Greek and Roman Architecture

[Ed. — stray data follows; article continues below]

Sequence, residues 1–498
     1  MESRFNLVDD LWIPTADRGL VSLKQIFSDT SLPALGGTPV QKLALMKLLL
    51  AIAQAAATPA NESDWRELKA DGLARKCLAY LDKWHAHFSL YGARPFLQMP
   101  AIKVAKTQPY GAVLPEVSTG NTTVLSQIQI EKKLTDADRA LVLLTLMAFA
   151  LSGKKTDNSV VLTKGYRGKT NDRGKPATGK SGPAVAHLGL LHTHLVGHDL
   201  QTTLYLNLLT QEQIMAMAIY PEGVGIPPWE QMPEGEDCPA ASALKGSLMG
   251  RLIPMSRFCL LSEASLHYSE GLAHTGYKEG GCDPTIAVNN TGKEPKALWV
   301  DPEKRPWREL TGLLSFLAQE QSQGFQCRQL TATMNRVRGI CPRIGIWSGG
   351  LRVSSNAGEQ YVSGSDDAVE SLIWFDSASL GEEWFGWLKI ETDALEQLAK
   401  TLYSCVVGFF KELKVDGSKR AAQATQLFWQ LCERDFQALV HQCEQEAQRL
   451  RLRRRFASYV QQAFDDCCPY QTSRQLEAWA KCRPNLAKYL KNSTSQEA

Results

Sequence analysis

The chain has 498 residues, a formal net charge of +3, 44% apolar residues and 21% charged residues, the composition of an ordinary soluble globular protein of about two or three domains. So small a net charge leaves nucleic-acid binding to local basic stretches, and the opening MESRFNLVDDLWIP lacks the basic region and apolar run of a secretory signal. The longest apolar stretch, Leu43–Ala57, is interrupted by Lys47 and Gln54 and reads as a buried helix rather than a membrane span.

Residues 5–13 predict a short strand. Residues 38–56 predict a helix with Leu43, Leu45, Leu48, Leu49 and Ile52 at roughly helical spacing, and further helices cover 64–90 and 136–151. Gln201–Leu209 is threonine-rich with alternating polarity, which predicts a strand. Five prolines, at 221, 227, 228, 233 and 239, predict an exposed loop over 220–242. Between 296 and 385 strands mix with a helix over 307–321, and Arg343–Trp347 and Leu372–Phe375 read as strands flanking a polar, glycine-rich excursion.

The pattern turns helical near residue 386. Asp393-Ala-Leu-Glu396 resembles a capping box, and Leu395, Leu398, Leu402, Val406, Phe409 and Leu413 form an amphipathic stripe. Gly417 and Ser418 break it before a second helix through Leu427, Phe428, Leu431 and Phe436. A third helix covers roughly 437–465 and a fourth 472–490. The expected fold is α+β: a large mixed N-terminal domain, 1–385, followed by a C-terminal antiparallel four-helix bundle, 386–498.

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Greek and Roman Architecture Naomi Berthiaume ART/101 Jamie Welch April 19, 2013 Any type of architecture that you study has taken certain aspects from past periods, whether it is the exterior design, the use of certain features, or just the building type in general. Two of the iconic types would have to be Greek and Roman architecture. Both Greek and Roman architecture share similarities, but they also have some differences from one and other. While Roman architecture was greatly influenced by the Greek style, Greek architecture was influenced by the Egyptian building styles and art. One similarity that both styles shared was their use of colonnades. With the Greeks believing in the values of equality and proportion, they developed three distinct types- the Doric, the Ionic, and the Corinthian. The Doric was the earliest type developed as well as the plainest of the three. The Ionic was considered to be more elaborate than the Doric. Both of these types were favorites within Greek architecture (Sayre). The Corinthian was a favorite among Roman architecture. It was considered even more decorative than the Ionic styles used by the Greeks. Another similarity they share is their wiliness to dominate the site of the architecture. The Greeks believed that intellect is superior to forces of nature, while the Romans wanted their architecture to dominate the sites. A third similarity was their ability to be innovative during their time periods. Along with their innovations when it came to their temples, the Greeks also had the ability to create very life-like and dynamic sculptures, something that the Romans constantly struggled with during their time. Because of this, a lot of their sculptures were just replicas of Greek sculptures with small adaptations and changes occurring. One of the most innovative steps that the Romans took with their

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